What @stephanie said about using twitter during the blizzard is great. Twitter was also a great help during the flooding at Grand forks. As an elected official it could help you keep current on a local disaster.
Social media helps you see what’s bothering others so you can address the issues. Town hall meeting should not be a bad surprise. Social Media can help track issues before they get overblown
As VP from Microsoft said in a lecture “Create a public image or one will be created for you” Your image is now more than a few campaign signs and commercials.
Sorry, this has gotten too long.
January 18, 2011 at 1:15 am #120633
Prepare your family in advance for the mostly false attacks that will come from the dark underside of social media. Blog and twitter streams can be slimy beyond belief. I have a personal friend, former elected official, whose wife Googled her husband and pulled up a blog with a photoshoped picture of him in a diaper with his hand down the diaper and accusations too filthy to repeat. As an elected official, you will need to get used to anonymous sources exercising their first amendment rights through blogs, facebook, twitter etc in ways that will shock and disgust you. It comes with the territory. But the worst is when your family discovers these attacks by accident. Have a staff member search social media DAILY to identify these attacks so you can be aware of them and prepare your wife and children for what they might find on the web.
BTW, the blog site that refused take down the offensive post or identify its source was also one of the first to raise the claim that lack of civility in political discourse was the cause of the Arizona shootings.
January 18, 2011 at 1:35 pm #120631
Create a governance and crisis communications plan! Make sure that along with your social media policy you include simple things like the governance process for managing your agency social media accounts. Also consider that what if scenario if your agency is to suddenly get a lot of negative attention, if the wrong tweet goes out or a huge event such as a a natural disaster affects your stakeholders, what does your team do?
January 20, 2011 at 3:49 pm #120629
One simple thing to think about that lots of social media users fail to consider – make sure what you say adds value in some way. Be informative. Be engaging. You can even be entertaining, as long as it adds some measure of value to your audience. Don’t just talk because you think people want to hear you. There are already too many in government like that.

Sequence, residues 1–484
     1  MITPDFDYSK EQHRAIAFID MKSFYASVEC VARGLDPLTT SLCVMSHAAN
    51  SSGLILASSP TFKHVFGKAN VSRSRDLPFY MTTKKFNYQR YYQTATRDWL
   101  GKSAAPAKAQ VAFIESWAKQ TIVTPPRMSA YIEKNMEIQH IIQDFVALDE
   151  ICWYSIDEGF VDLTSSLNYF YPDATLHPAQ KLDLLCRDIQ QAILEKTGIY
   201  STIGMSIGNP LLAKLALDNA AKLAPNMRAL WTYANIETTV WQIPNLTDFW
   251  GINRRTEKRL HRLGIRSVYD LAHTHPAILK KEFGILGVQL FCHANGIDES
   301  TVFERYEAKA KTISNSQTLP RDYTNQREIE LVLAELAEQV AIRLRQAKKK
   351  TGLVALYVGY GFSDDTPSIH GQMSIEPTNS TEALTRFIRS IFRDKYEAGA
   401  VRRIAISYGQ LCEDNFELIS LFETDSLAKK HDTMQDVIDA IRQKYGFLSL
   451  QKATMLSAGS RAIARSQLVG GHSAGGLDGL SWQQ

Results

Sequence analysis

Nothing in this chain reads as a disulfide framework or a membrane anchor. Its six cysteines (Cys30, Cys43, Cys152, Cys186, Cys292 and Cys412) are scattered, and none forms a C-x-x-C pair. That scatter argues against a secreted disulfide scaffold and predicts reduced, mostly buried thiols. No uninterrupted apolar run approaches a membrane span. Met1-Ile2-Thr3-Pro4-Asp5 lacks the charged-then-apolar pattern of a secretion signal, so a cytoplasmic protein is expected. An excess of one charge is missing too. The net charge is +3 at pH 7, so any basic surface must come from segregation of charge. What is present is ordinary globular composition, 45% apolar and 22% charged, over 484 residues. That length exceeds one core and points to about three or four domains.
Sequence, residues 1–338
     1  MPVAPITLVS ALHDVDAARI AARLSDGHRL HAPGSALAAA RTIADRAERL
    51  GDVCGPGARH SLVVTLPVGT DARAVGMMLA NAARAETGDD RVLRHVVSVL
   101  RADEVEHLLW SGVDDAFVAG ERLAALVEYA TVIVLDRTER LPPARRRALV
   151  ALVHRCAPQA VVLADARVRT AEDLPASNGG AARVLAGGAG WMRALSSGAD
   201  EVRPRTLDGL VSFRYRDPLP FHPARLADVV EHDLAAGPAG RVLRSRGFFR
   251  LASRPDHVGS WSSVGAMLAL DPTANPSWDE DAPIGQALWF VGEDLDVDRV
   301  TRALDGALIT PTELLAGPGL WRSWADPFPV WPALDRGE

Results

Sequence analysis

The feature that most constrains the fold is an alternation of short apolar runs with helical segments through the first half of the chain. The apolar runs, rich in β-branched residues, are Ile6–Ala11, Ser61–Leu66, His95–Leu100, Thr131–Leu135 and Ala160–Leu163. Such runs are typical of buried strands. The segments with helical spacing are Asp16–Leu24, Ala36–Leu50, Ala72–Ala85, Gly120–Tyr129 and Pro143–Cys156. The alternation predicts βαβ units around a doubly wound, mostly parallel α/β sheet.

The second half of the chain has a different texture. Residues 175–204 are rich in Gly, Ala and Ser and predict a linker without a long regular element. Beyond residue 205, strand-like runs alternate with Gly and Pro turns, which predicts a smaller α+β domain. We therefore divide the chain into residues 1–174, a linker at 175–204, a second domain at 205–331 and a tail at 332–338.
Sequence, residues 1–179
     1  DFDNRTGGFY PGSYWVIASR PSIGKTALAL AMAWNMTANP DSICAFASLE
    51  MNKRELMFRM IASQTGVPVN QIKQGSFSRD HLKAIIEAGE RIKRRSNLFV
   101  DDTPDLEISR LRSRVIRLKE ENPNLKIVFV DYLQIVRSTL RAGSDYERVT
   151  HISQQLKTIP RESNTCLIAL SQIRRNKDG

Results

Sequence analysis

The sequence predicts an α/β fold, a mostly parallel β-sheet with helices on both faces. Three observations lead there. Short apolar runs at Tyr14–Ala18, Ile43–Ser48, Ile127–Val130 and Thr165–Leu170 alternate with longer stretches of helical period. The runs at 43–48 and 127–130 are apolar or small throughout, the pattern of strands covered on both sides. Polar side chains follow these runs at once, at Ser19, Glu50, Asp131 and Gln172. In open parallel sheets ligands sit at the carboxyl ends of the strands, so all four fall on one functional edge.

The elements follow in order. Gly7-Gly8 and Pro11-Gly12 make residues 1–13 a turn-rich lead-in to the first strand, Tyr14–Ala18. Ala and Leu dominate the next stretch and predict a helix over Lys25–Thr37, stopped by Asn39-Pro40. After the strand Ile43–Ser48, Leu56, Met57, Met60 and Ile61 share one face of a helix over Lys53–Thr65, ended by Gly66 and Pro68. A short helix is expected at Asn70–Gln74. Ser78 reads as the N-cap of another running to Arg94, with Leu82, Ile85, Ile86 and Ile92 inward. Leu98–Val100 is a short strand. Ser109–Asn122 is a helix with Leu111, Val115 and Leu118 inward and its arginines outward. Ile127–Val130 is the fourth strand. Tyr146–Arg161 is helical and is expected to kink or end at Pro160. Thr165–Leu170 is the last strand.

January 22, 2011 at 8:04 pm #120627
Some good tips in this GovTech article
Couple excerpts I like:
The Novelty Fades
A common challenge of government social networking is that refreshing the account can become inconsistent — or nonexistent — once the novelty wears off. Frequently a single employee in the public affairs office is charged with maintaining an agency’s social media presence. Given how busy such workers are in today’s frenetic news cycle, it’s not surprising some social networking accounts are neglected. Officials at the Arkansas Game and Fish Commission, however, say they have found a way around this pitfall. The agency’s Facebook account has roughly 36,000 fans, and six public affairs staffers take turns refreshing the account by alternating each week.
January 25, 2011 at 5:34 am #120625
Tweet don’t Delete!
Don’t delete a “bad tweet.” Even if it ends up being embarrassing. The fact it was deleted will become more of a story than the comment was. Take responsibility for what you say and stand by your sentiments.
January 26, 2011 at 1:23 pm #120623
Some interesting observations on this Quora thread for the new NYC Digital officer –http://www.quora.com/How-can-New-York-City-use-technology-to-serve-citizens?__snids__=11523659#ans32896
March 9, 2011 at 2:22 pm #120621
Unless you have said something indefensible that you later regret…
The apology was the minimum you’d expect but I think it was wise for him to delete that tweet, leaving it allows for it to remain in the news cycle (although the apology hasn’t drawn a line under it, it has become politicised and is being raked over two weeks later)
Still it’s a good case study for proving Elliot’s first response to the posting. Channel 4’s four word social media policy puts it nice and succinctly – don’t be a dick. Simples.